A quarter of the tankers ordered will use LNG fuel, Gibson says


First LNG-powered VLCC is built for COSCO (Dalian)

Posted Dec 13, 2021 5:09 PM by

The maritime executive

As a further sign of the increasing acceptance of LNG and dual-fuel ships in the shipping industry, tanker operators are increasingly ordering dual-fuel power plants for their newbuildings while preparing the first dual-fuel VLCC for its maiden voyage. Shipbroker Gibson calls LNG “The Shape of Things to Come” in its latest weekly tanker market report, based on order growth.

“LNG has long been the fuel of the future,” Gibson reports that his analysis shows that a quarter of new tankers use LNG for propulsion. Gibson’s Alternative Fuel Ships database includes over 530 vessels, from tugs to bulk carriers, ordered with LNG and alternative fuel power plants. They report that almost five percent of orders are specific to VLCCs after that type of COSCO Shipping Energy Transport Co.

“In total, the current LNG-powered tanker newbuildings account for 23 percent of the current total tanker order backlog,” reports Gibson. “So there still seems to be a long way to go before LNG tankers become the dominant type of ship, but as a bunker fuel it will certainly be taken seriously.”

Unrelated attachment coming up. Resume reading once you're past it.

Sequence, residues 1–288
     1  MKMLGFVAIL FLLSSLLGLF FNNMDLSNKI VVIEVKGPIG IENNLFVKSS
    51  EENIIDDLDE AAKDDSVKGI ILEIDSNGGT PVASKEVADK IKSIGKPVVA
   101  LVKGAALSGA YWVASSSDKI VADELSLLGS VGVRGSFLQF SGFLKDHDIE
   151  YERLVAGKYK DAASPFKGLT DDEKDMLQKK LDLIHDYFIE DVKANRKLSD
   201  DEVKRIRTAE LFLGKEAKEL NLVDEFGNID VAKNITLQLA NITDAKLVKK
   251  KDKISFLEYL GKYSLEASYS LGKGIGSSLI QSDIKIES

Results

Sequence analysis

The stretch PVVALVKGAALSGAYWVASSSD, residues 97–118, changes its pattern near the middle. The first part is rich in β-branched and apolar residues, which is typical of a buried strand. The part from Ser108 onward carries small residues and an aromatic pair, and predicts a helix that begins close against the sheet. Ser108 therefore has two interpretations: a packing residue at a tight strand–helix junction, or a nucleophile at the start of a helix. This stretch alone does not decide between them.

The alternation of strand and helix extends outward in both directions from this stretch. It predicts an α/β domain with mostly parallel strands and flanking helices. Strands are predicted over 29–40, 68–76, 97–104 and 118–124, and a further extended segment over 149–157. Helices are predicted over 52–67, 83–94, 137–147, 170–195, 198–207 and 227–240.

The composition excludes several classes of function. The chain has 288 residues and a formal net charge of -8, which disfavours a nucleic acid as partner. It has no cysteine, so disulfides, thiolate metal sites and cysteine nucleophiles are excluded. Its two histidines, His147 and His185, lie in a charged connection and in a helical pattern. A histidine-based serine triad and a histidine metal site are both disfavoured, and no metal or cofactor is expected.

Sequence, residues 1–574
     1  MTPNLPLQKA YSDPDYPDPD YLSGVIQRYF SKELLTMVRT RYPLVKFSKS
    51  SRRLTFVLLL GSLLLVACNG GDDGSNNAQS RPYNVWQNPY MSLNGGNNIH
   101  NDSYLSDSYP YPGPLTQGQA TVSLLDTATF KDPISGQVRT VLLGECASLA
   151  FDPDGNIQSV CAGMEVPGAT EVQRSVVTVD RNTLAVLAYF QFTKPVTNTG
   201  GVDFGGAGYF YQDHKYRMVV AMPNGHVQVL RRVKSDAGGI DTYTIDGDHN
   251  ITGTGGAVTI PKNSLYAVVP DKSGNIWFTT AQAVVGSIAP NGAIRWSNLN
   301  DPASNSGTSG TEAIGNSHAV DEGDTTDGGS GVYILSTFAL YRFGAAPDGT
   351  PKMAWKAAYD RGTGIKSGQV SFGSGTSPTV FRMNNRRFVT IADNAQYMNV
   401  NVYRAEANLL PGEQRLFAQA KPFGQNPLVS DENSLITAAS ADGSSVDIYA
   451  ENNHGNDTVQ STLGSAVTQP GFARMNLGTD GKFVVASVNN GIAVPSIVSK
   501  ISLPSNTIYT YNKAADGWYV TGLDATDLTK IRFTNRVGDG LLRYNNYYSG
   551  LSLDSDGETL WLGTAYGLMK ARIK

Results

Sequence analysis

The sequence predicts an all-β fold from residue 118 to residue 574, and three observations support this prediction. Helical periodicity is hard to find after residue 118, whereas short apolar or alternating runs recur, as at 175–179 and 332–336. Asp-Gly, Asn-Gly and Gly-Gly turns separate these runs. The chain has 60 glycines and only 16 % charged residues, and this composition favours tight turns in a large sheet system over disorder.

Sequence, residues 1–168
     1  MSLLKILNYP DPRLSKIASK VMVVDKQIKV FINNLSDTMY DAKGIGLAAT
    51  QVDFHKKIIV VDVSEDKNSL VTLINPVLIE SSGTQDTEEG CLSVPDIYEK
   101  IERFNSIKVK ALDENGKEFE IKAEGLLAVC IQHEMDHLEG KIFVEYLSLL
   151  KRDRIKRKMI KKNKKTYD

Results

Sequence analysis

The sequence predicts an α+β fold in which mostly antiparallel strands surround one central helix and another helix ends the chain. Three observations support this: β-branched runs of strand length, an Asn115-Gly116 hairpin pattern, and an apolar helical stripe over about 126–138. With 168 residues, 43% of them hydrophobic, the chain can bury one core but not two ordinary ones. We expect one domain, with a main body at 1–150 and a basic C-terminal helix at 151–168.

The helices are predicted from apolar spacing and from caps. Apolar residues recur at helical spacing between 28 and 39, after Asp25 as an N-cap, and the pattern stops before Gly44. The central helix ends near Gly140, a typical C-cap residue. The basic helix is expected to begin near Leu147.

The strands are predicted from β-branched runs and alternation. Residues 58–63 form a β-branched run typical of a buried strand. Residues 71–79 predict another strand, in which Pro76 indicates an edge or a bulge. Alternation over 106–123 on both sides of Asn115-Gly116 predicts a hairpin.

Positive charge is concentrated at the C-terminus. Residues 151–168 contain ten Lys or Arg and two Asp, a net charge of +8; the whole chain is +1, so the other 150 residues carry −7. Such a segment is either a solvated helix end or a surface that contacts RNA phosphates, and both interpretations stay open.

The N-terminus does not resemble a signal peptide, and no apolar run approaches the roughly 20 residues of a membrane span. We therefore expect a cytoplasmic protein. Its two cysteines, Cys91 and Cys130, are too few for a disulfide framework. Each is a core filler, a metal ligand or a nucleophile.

Gibson’s review of the current tanker order book

China’s technologically advanced first dual-fuel VLCC will join several Aframax tankers that are dual-fuel tankers. According to the shipbroker’s analysis, two LNG-powered Suezmax tankers and 41 Aframax / LR2 have been ordered. In addition, around 40 LNG-capable tankers are under construction. “That means if the market, the charterer or the owner decides to make the ship fully LNG-capable, the ship can be equipped with the necessary machinery and equipment,” says Gibson.

After completion of the structural work, the first LNG-powered VLCC continued Sea trials in September 2021. The 1,091-foot ship was built at the Dalian Shipyard and has a capacity of 318,000 tons, while numerous technical advances have been adopted to improve operational efficiency. It uses LNG as its main fuel, supplemented by heating oil. It uses a WINGD low pressure dual fuel main engine along with dual fuel generators and boilers and a single tube design which the shipyard says improves safety and flexibility for operation. The ship uses C-tanks, which are common on other LNG ships, and can run 12,000nm on LNG or 24,000 in dual-fuel mode. The daily gas consumption is around 60 tons.

COSCO ordered its first LNG VLCC in 2017, and Total agreements followed in 2020 to charter two LNG-powered VLCCs. The French company expects its ship to enter service in 2022.

The VLCCs follow the trend of increasing orders for large ocean-going vessels using alternative fuels including LNG. DNV estimates that 12 percent of the global order book is for LNG-powered ships.

About Christine Geisler

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